The call for papers is now closed, but this page has been left here for documentation purposes.
The conference papers will be published by the IET and made available online via the IET Digital Library and the IEEE/IET Electronic Library (available on IEEE Xplore). The conference papers will also be indexed by INSPEC.
Authors of exceptional papers may be invited to submit extended versions to be considered for publication in a journal (e.g. IET's Computer Vision, Special Issue IEEE TSMC-C on Pattern Recognition for Anti-Terrorism Application, etc.) and/or book.
There will be delegate fee discounts for authors, students and members of the IET/IEEE/BMVA/UKIVA and other sponsoring organisations.
AIMS AND SCOPE
Crime and anti-social behaviour have a significant cost for society and business alike. Just in the UK anti-social behaviour alone accounts annually for around £3.3 billion of taxpayers‘ money with incidents of graffiti and vandalism estimated to cost around £600 million/p.a. Surveillance systems of all kinds are thus being increasingly deployed in public and private locations serving as deterrence and/or for information gathering. World events have once again highlighted the vulnerability of public spaces to attacks. However, there are serious limitations to the use of conventional monitoring systems where human operators are asked to survey a large number of cameras with a wide geographical coverage or go through enormous amounts of recorded material. Computer-based technologies are increasingly becoming researched in what is becoming popularly known as video analytics, propelled by recent advances in processing power, fixed and wireless IP-networking technologies, volume storage, cheap cameras, etc. The realisation of such advances into working systems can have a major impact on society but also on individual liberty. This conference follows the successful IDSS (Intelligent Distributed Surveillance Systems) events held in 2003 and 2004 and ICDP 2005 and 2006, to bring together researchers, industry, end-users, law-enforcing agencies and citizens groups to share experiences and explore areas where additional research and development are needed, identify possible collaboration and consider the societal impact of such technologies.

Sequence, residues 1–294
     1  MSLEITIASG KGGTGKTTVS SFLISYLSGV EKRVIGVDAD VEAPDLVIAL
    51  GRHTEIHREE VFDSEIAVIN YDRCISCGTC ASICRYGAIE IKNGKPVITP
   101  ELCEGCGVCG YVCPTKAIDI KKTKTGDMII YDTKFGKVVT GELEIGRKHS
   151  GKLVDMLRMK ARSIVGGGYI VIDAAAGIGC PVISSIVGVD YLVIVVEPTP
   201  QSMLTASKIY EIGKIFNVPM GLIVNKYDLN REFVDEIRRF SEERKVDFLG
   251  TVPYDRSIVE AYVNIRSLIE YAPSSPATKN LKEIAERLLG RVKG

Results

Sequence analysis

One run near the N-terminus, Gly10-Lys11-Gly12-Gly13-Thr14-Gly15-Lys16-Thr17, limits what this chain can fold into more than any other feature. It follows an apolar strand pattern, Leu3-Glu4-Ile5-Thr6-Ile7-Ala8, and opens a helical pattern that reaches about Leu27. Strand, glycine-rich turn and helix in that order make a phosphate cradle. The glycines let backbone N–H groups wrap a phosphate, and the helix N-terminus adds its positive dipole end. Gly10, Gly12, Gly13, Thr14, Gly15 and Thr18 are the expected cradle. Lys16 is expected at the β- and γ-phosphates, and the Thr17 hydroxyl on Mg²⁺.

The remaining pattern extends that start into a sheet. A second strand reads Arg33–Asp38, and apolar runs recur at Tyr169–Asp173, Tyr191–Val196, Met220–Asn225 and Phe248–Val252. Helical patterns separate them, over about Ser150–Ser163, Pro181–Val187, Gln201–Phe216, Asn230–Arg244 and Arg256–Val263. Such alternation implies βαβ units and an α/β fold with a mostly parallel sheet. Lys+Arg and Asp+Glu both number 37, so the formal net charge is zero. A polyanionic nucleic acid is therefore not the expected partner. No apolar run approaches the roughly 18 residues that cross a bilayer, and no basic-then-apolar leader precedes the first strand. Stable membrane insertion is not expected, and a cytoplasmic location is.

Full papers are invited on all aspects of Imaging Surveillance technologies, from academia, industry, NGOs and others, to be selected for oral presentations or posters through a peer-review system. An indicative, not exclusive, list of relevant topics is:
- Surveillance Systems and solutions (system architecture aspects, operational procedures, usability, scalability)
- Multi-camera systems
- Information fusion (e.g. from visible and infrared cameras, microphone arrays etc)
- Learning systems, Cognitive Systems Engineering and video mining
- Robust computer vision algorithms (24/7 operation under variable conditions, object tracking, multi-camera algorithms, behaviour analysis and learning, scene segmentation)
- Human Machine Interfaces, Human Systems Engineering and Human Factors
- Compression, authentication, watermarking
- Metadata generation, video database indexing, searching and browsing
- Embedded systems, surveillance middleware
- Gesture and posture analysis and recognition
- Biometrics (including face recognition)
- Forensics and crime scene reconstruction
- Wireless and location-dependent services
- X-Ray and terahertz scanning
- Case studies (shopping malls, railway stations, airport lounges, bank branches, etc)
- Data protection, civil liberties and social exclusion issues